Ralph Bakshi’s 1977 animated fantasy gets a DVD and Blu-ray re-release from Fabulous Films.
The future. Way, way into the future. So far into the future the world has been destroyed by a nuclear apocalypse and evolved into the kind of place a sleep-deprived, caffeine and acid-fuelled J R R Tolkien might have dreamed up if he’d been an animator at the Filmation studios in the mid-1970s.
A listless narration (from an uncredited Susan Tyrell) establishes, over what look like storyboards, a rather convoluted backstory that eventually gets us to the rather basic-looking animation that's going to tell a reasonable amount of our tale. I say reasonable because quite often it’s back to the storyboards and the spaced-out voiceover from Ms Tyrell who sounds as if she had to be poked with a stick at regular intervals to keep her going.
When it’s not that it’s rotoscoped stock footage of World War II, Cy Enfield’s ZULU (yes really) and I’m guessing other war movies, all rendered in such a way that it would work well as the Ludovico treatment in Kubrick’s A CLOCKWORK ORANGE. Who knows? Perhaps in the future that’s what this film will be used for.
The plot involves our team of heroes - bumbling “likeable” wizard Avatar, large-breasted skimpy costume-wearing fairy princess Elinore, heroic elf-like Weehawk and warrior villain Peace - travelling to defeat Avatar’s evil brother Blackwolf, who wants to enslave the world. Along the way they encounter various fairies, creatures, get into and out of scrapes, and you can probably guess the ending if you don’t want to sit through all the sanity-threatening rotoscope stuff.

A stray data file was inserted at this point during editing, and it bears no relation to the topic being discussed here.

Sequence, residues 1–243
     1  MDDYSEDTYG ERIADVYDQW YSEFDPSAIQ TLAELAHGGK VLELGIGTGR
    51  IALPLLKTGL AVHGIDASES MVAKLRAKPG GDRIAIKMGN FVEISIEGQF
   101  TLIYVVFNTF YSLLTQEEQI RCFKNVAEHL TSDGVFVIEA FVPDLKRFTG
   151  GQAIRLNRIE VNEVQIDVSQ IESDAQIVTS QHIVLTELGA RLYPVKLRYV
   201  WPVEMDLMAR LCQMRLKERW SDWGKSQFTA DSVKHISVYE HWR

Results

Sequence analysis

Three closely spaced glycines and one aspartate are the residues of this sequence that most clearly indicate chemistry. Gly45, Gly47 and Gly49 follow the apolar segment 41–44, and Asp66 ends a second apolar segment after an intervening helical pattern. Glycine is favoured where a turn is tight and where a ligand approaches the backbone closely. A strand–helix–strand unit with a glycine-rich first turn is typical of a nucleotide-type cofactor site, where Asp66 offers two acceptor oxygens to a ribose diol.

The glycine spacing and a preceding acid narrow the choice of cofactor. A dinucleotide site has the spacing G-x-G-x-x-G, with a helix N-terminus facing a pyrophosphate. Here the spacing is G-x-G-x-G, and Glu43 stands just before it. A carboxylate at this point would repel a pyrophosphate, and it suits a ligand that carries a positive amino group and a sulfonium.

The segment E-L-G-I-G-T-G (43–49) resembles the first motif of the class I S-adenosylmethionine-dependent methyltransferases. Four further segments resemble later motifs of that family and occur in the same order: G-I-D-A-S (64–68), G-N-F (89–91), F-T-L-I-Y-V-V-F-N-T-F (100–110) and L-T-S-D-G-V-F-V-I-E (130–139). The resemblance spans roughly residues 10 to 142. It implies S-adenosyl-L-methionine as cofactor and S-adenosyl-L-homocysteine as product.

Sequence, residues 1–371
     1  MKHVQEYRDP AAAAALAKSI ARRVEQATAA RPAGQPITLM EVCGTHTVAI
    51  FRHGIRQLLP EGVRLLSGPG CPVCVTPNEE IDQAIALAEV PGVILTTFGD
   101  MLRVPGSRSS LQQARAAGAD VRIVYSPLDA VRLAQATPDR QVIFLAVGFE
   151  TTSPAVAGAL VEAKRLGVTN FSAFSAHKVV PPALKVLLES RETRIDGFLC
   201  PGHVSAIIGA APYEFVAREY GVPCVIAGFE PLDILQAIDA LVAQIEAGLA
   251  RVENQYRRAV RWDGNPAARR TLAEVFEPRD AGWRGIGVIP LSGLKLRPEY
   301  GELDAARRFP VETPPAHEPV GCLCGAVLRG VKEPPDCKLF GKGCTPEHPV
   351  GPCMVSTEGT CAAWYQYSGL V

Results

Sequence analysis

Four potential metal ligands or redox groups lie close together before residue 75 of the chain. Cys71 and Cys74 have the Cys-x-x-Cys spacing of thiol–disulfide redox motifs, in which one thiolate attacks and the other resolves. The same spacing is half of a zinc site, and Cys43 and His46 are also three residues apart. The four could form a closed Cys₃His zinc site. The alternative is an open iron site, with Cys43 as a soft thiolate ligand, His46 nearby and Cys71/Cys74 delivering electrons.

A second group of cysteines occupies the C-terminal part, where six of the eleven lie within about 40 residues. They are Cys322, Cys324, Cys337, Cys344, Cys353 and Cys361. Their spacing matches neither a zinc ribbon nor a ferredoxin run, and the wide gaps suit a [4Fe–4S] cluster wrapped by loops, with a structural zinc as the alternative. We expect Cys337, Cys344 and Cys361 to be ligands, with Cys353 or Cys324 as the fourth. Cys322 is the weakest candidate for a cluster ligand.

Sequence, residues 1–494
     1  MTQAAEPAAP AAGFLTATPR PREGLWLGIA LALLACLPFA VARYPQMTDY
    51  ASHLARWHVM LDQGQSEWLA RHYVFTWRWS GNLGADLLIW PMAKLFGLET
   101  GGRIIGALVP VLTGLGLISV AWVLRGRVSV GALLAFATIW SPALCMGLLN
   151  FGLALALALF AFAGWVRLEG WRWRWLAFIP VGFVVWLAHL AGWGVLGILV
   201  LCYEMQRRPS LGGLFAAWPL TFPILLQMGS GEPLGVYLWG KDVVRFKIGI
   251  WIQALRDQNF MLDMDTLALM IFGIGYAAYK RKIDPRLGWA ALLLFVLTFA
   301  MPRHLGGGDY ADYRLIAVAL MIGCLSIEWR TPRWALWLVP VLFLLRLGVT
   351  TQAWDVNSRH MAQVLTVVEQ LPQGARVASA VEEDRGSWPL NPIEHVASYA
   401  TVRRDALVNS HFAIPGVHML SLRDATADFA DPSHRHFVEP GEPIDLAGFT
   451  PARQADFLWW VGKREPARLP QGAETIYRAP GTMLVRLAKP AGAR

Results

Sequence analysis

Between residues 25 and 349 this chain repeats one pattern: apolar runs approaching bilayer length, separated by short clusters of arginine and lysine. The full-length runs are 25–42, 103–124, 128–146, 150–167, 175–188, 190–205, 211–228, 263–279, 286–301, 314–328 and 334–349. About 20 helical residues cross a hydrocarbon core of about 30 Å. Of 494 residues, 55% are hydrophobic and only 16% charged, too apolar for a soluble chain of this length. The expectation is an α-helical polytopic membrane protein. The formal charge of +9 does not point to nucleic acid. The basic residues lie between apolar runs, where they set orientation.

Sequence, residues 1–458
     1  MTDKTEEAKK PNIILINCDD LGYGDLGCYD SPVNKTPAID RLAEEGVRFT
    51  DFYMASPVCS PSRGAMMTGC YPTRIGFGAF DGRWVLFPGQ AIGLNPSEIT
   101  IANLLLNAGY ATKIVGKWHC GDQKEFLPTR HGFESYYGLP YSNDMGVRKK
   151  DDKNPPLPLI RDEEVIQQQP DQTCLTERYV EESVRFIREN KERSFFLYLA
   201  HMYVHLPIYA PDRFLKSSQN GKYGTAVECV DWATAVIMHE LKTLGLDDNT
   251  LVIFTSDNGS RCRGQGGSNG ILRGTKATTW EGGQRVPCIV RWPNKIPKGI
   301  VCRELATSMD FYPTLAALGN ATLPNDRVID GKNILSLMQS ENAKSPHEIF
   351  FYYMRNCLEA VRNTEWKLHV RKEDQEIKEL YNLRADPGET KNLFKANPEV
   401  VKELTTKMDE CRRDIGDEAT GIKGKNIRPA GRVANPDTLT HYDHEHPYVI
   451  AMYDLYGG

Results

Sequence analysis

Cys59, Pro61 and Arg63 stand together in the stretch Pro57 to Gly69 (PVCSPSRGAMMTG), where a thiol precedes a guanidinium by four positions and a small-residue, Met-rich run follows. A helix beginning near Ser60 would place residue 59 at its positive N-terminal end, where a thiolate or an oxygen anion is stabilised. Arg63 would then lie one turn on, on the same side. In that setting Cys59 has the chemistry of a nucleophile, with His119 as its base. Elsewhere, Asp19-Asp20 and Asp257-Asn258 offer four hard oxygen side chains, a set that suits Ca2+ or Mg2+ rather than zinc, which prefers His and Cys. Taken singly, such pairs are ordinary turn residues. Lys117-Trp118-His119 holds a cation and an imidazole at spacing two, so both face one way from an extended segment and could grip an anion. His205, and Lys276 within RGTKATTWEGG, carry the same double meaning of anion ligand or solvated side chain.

It’s not that WIZARDS is terrible, but it does all feel terribly amateur. If you cut out the storyboard and rotoscope stuff there’s not much actual animation. Probably the biggest problem, aside from the appallingly unfunny ‘comic relief’ is that (Weehawk being a noteable exception) all the voiceover artists perform as if they couldn’t care the slightest about what’s going on. Honestly, people react with more vigour when they receive their gas bill than the characters threatened with the extinction of their entire planet here. That, combined with the lacklustre visuals (some of the backgrounds are a few listless swipes of a pencil that haven’t even been coloured in) means that unless you have fond memories of this one, WIZARDS is strictly for students of the history of movie animation.
Extras include a half-hour-plus interview with Bakshi, and he also supplies a feature-length commentary if you want to learn more about how the film ended up the way it is.
Ralph Bakshi's WIZARDS is out from Fabulous Films on DVD and Blu-ray on Monday 4th July 2016